Live Nation Must Litigate, Not Arbitrate, Consumer Antitrust Class Action

Adding to its woes, investors claim losses because Live Nation did not disclose anticompetitive conduct.

Live Nation and its subsidiary, Ticketmaster (“Live Nation”) have successfully used mandatory arbitration clauses to shield them against consumer class actions, but a change in their purchasing terms has brought an end to that winning streak. A federal judge found a newly inserted mandatory mass arbitration clause unfair to ticket-buying consumers and denied Live Nation’s motion to compel arbitration of an antitrust action.

In the same federal court, the Central District of California, Live Nation investors sued it for hiding anticompetitive practices, saying each revelation of such conduct immediately damaged stock prices.

News of these developments join recent reports that the Department of Justice is on the verge of suing Live Nation and Ticketmaster for abusing their power in the live music and ticketing markets. The DOJ reportedly will seek to split up the two, which merged in 2010. The investors included the precipitous drop in stock prices following this news in their list of stock-damaging revelations. Live Nation’s conduct has been criticized for years now by consumers, regulators, legislators, and others. They were operating under a 10-year consent decree, which was extended due to evidence of violations.

Ticket-Buyers Avoid Arbitration

In the ticket-buyer case, Skot Heckman v. Live Nation Entertainment (No. CV 22-0047-GW-GJSx, C.D. Calif.) plaintiffs objected to being forced into starting the adjudication of their antitrust claims via mass arbitration bellwether trials. In his August 10 ruling, U.S. District Judge George H. Wu discussed many ways the specific clause was unfair to consumers, noting how it differed from clauses enforced by courts in similar cases. In Oberstein v. Live Nation, for example, the Ninth Circuit affirmed rulings sending a case brought by Taylor Swift fans to arbitration, writing that Ticketmaster’s terms of use were clear. But the arbitration clause in Oberstein was different from that in Heckman, language Judge Wu found too confusing and incomplete for consumers. Oberstein v. Live Nation Ent., Inc., No. 2:20-cv-03888-GW-(GJSx), 2021 WL 4772885 (C.D. Cal. Sept. 20, 2021), aff’d, 60 F.4th 505 (9th Cir. 2023).

Live Nation changed the Ticketmaster terms of use while Oberstein was pending. They did so when they switched from the JAMS arbitration company to New Era ADR – which offers standardized mass arbitrations. With the change in arbitration services came a change in the terms of use.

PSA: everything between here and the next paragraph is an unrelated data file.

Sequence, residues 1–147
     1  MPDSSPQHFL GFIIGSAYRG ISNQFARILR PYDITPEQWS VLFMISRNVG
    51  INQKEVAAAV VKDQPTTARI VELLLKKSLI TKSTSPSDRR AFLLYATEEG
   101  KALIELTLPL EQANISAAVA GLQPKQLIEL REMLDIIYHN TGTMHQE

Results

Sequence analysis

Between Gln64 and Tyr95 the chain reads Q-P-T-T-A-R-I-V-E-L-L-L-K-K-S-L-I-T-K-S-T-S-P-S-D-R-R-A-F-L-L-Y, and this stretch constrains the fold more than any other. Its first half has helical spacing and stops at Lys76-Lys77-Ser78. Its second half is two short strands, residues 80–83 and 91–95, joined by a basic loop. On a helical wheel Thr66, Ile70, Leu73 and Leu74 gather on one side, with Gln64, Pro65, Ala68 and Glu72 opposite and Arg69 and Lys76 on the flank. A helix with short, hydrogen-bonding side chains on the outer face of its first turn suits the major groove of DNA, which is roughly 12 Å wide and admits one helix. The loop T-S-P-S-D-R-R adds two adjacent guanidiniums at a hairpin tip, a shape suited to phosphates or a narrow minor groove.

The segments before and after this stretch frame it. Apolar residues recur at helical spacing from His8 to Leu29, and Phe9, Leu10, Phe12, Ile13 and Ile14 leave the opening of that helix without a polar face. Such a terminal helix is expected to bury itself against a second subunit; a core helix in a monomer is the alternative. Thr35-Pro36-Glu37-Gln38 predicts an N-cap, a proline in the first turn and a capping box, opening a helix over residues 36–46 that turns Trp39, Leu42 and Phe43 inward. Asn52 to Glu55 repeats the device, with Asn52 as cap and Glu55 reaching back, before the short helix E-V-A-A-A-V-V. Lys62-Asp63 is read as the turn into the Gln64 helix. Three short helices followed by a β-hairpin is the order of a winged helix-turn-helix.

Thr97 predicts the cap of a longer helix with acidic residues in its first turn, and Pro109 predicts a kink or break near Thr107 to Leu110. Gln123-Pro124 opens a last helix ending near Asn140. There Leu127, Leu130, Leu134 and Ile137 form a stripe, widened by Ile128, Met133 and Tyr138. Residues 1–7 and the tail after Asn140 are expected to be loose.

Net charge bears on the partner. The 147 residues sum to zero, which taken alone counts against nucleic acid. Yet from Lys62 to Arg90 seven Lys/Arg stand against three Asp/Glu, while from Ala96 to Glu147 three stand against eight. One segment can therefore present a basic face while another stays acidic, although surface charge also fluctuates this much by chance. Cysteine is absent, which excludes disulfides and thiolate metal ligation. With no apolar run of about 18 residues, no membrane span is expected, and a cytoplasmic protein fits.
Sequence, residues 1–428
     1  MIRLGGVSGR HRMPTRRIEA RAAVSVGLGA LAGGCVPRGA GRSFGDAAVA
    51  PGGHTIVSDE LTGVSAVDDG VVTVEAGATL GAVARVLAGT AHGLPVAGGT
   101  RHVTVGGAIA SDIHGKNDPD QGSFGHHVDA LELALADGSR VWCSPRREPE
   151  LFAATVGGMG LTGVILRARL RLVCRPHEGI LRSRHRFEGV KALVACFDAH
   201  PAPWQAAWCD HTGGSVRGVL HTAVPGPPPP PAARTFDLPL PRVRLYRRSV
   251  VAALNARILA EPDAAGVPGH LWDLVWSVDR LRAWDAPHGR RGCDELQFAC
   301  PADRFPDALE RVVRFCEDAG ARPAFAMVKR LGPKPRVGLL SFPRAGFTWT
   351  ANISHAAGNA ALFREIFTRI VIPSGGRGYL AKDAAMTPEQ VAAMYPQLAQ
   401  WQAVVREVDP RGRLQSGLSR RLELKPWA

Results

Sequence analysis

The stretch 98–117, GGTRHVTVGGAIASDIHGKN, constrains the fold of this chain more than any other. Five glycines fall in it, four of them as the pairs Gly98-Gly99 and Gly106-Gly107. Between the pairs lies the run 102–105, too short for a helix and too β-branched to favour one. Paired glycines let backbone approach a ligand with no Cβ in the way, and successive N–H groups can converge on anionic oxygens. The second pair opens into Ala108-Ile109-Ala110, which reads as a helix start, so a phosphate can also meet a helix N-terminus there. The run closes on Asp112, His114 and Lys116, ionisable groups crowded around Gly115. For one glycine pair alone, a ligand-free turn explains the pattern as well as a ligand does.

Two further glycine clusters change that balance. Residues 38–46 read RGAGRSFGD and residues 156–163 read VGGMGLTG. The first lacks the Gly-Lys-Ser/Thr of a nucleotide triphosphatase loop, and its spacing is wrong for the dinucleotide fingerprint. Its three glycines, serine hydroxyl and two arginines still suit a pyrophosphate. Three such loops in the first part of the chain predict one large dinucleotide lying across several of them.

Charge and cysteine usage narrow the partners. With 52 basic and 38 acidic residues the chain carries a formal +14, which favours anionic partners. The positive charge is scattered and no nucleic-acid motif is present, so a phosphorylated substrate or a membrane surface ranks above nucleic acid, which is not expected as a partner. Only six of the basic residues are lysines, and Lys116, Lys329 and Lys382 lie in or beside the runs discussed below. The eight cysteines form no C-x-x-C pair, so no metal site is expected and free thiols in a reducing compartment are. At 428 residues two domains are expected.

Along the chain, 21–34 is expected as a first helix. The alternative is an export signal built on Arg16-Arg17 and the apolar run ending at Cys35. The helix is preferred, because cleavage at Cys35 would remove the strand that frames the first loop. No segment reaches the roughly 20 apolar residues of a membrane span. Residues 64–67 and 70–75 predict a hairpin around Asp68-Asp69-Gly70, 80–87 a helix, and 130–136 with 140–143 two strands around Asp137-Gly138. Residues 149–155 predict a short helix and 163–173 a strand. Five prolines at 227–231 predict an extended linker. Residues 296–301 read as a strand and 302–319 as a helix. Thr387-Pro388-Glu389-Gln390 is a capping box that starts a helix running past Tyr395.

After examining the New Era clause, Judge Wu said the language delegating claims to an arbitrator in mass arbitration posed a “serious risk of being fundamentally unfair to claimants,” showing elements of “substantive unconscionability.”

Live Nation’s method of making the switch was a concern, too. The judge said it displayed “an extreme amount of procedural unconscionability far above and beyond a run-of-the-mill contract-of-adhesion case.” He commented that the terms were changed: “(1) to bring about a significant change in the parties’ agreement (from individual, bilateral arbitration to mass arbitration); (2) unilaterally; (3) in the midst of ongoing litigation; (4) to be applied retroactively to already accrued claims; (5) without giving any notice to existing customers about this major change and (6) while burying the true nature of this change in New Era’s difficult-to-parse Rules.”

Unfair Surprise, Untenable Expectations

Making the change without notice was an “unfair surprise” to the customers. “[B]ecause it would seem trivially easy to provide customers with such notice, Defendants’ failure to do so suggests a degree of intentionality and/or oppression,” wrote Judge Wu. He added, though, that even if ticket purchasers were to review the terms “it is doubtful that they would understand that they were agreeing to resolve their claims in a novel mass arbitration procedure.” The language doesn’t even mention mass arbitration. Expecting ticket purchasers to navigate the complex multi-step process and conduct analysis to avoid mass arbitration was “untenable,” he determined.